Finally, when I was rested enough to venture out, TIFF had officially started. I made my way to the harbourfront (there I go again), as it was only about a mile from my hotel. It was such a beautiful day – perfect weather. Down at the water, there was a strip of sand with lawn chairs (or should I say, ‘beach chairs’) and big, yellow umbrellas. How the hell could I not sit there a while. Across the water was a landing strip for one of Toronto’s airports, so I watched a few planes land. Soon enough, it was almost time for The Fifth Estate to premiere. Unfortunately, the tickets were sold out, but I wandered over to where the gala was to be held. Right away, I spotted a gal in an ‘I Am SHERlocked’ shirt and knew I was among friends.

I didn’t have the best spot for the red carpet, but I did get to see Benedict Cumberbatch arrive, as well as Laura Linney and a few other costars. It had cooled down and gotten very windy at that point, so I started back to the hotel. On my way, I noticed a pub called The Elephant & Castle. I almost kept walking, but I was drawn to it with its English name and red phone booth out front. I especially had to go in because Elephant & Castle was the last stop on my Bakerloo line in London – couldn’t have been more appropriate. Ended up sinking about six pints with this guy who owns a film company – he was in town to interview the stars at The Ritz. Said he’d look into a runner job for me in the next couple days, but they were likely already sorted. Turns out, they were, but I figured as much. Nice guy, anyway. He was married with a little girl, so we talked a lot about how important it is for fathers to make their daughters know how beautiful and special they are, as well as teach them what to expect from men as far as treatment and respect. As soon as I realized just how much I am my father’s daughter, I started to tear up and got homesick for the very first time since leaving three months ago.

The next few days, I ventured out with Jo and her friend, Lucie, for lunch at The Windsor Arms and drinks at The Ritz-Carlton. Jo spent the night in my hotel room the night before I had to go on to Omaha. I had a right time lugging my suitcases, yet again, to a taxi and through the airport. My arms were so sore from lifting and pulling and moving those damn things when I got home that it felt like I had done a strenuous workout. I guess I had. Much like I had felt when I got to Toronto. That, and a hoarse voice from all that singing…

Home. Mom and dad greeted me at the airport and I got to hang out at my brother’s new apartment that night. It was instantly normal to be back, or like I’d been there for so long already when it had only been a couple hours. Still surreal, I guess – especially because my brother had only just moved out of my dad’s and it was weird to see him in his own environment. I won’t get into that because I’ll just have a breakdown about how grown up he is, much like the one I had in London on his 21st birthday.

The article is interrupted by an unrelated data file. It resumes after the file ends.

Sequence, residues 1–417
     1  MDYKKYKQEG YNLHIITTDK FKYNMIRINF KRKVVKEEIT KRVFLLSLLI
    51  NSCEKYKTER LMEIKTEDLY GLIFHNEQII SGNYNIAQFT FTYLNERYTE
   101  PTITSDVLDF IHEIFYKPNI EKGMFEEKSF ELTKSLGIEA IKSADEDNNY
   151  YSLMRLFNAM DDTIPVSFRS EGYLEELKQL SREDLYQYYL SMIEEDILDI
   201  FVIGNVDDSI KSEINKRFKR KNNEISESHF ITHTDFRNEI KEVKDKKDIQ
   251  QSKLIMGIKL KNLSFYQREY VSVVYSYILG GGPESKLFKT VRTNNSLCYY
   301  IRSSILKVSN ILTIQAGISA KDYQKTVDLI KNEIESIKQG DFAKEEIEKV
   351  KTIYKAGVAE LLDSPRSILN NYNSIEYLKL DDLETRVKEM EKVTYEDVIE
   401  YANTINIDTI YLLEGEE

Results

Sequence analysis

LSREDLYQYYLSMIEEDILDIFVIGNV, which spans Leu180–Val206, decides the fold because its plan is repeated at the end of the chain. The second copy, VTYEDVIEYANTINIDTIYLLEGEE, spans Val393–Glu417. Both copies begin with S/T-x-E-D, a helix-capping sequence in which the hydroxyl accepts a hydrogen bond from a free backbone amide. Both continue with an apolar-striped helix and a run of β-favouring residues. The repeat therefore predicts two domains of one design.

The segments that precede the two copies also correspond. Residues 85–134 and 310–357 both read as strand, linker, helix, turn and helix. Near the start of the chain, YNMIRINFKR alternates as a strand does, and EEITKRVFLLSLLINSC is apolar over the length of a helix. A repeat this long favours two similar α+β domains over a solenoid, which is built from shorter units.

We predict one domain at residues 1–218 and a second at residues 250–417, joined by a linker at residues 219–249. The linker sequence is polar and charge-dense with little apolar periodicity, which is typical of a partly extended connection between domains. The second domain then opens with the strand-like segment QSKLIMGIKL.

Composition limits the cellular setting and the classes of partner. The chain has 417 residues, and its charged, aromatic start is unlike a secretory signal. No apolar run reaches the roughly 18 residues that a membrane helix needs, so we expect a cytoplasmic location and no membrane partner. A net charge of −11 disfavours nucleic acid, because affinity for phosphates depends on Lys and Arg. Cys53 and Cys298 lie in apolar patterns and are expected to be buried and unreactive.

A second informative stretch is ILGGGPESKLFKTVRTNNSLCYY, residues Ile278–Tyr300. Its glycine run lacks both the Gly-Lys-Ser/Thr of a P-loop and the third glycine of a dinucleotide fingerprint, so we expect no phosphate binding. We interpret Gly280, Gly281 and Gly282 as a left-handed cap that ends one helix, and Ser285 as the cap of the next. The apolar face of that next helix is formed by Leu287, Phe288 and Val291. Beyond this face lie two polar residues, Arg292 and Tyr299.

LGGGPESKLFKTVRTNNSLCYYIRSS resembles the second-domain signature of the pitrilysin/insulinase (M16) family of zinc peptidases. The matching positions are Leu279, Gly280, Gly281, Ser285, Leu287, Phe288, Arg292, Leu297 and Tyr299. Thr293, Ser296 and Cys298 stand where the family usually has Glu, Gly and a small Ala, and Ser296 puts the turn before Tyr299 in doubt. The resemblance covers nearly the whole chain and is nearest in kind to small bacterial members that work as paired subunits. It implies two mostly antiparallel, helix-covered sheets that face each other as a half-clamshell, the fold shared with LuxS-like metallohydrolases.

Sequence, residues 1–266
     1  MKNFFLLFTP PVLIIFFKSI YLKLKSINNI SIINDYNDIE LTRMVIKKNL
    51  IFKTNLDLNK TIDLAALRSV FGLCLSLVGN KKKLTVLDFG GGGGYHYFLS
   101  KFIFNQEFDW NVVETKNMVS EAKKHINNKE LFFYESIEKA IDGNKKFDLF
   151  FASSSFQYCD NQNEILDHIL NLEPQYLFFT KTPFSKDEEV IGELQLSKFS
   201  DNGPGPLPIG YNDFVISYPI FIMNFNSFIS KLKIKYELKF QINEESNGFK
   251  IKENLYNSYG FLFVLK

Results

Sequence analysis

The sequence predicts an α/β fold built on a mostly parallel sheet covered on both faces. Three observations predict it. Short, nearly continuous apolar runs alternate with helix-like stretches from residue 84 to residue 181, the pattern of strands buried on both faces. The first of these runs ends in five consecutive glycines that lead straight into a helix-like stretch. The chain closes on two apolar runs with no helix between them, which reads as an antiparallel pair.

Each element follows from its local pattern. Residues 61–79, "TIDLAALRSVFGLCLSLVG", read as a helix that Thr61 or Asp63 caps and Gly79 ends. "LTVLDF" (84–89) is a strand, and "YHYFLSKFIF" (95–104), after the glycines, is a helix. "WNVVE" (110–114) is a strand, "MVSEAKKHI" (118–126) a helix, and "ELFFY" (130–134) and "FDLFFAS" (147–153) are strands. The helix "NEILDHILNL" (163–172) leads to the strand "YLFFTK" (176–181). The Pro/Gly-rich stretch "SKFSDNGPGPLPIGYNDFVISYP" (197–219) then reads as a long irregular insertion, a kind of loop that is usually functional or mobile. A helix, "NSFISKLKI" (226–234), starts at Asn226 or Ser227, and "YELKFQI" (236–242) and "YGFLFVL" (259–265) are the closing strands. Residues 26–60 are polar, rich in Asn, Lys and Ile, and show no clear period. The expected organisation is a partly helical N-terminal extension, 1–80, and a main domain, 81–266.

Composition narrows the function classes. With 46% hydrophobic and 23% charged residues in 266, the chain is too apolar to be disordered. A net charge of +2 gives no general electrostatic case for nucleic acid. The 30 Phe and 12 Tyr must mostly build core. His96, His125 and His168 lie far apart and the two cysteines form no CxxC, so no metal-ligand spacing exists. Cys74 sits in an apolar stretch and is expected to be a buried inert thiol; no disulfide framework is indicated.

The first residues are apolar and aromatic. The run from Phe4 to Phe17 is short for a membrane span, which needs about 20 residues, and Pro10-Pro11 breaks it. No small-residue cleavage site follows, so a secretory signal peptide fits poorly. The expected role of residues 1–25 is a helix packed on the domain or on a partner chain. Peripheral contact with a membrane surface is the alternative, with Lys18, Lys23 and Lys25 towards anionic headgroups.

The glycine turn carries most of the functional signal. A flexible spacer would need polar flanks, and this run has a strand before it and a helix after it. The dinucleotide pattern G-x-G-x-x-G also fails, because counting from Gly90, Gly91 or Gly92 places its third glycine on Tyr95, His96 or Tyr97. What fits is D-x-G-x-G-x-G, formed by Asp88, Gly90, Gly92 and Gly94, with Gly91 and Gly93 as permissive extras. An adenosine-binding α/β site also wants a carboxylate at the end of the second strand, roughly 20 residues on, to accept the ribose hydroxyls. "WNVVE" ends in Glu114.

When I got back, I had about a week to do my twenty-page masters capstone paper, along with media accompaniment. I had my topic and about twelve books, but needed journal articles as references, too. Naturally, I started doing all of that on Thursday. The project is due Sunday. Friday was highlighting information I could use. Saturday, I typed up everything I highlighted. Sunday, I started cutting things down and actually writing. I’ll admit that I underestimated labor time a tad, but from the sounds of it, a couple of my classmates weren’t going to finish on time either. I emailed my professor and she said I could turn it in by Wednesday and be fine. There was no way in hell I was going to A: need that long, or B: let it take that long anyway. I had it in by Monday at 5pm. Nineteen pages, thirty references, and a 25-slide PowerPoint to go with it. I was done. Thank the Lord.

Now I just had to wait and see if I needed to make any revisions. In the meantime, it was Operation: Apartment Overhaul. Starting in my bedroom, I went through every single thing in my closet and got rid of two trashbags worth, rearranged my furniture, oh, and unpacked all four of my suitcases; from there, I bought a new entertainment center that would hold all of my movies, reorganized my bookcases, moved around some more furniture, and decluttered enough to fill four large tubs. Tubs are in the garage along with my luggage, apartment is clean and organized (save for my desk area, just a tad), and my life was almost in order.

I still hadn’t heard back about my damn capstone. My other classmates heard either Saturday or Sunday. I emailed my professor to see if she was able to access the PowerPoint, you know, to maybe spark her into saying ‘oh yeah, by the way, you passed.’ All I got back was, yep, I could; thanks for checking! Then I thought, great – everyone else has heard back, but she’s probably getting ready to tell me that I have all these revisions to make or that I missed the mark completely and I’d have to redo the entire thing. I even dreamt about it that night – I got an email from (who I recognized as) the dean and he said that I got an A- and then proceeded to tell me what everyone else got. I woke up wishing that were the case. Finally, that night, I emailed the professor asking, as politely as I could, when I should expect to hear back. I just wanted to buy a frame for my goddamn degree and get that motherfucker on the wall, next to my bachelors degree, my notary, and my warrant.

She emailed back saying that all grades were out, degrees were complete, and that I got an A-.

I got in my car that minute and went to Target for a frame. Found the perfect frame, on sale, and my masters degree now hangs proudly among my other accolades. Dreams really do come true.

Now. My apartment is almost perfect, I officially hold a masters in media psychology, and I’m jobless. My goals? To get back into the gym, to start writing (something, anything), to find a job in TV/film/media (particularly something to do with British TV/film); mainly, I want to be free. I want to be free to- to do what I want to do. I want to get loaded, and I want to have a good time. So that’s what I’m going to do. I’m going to have a good time.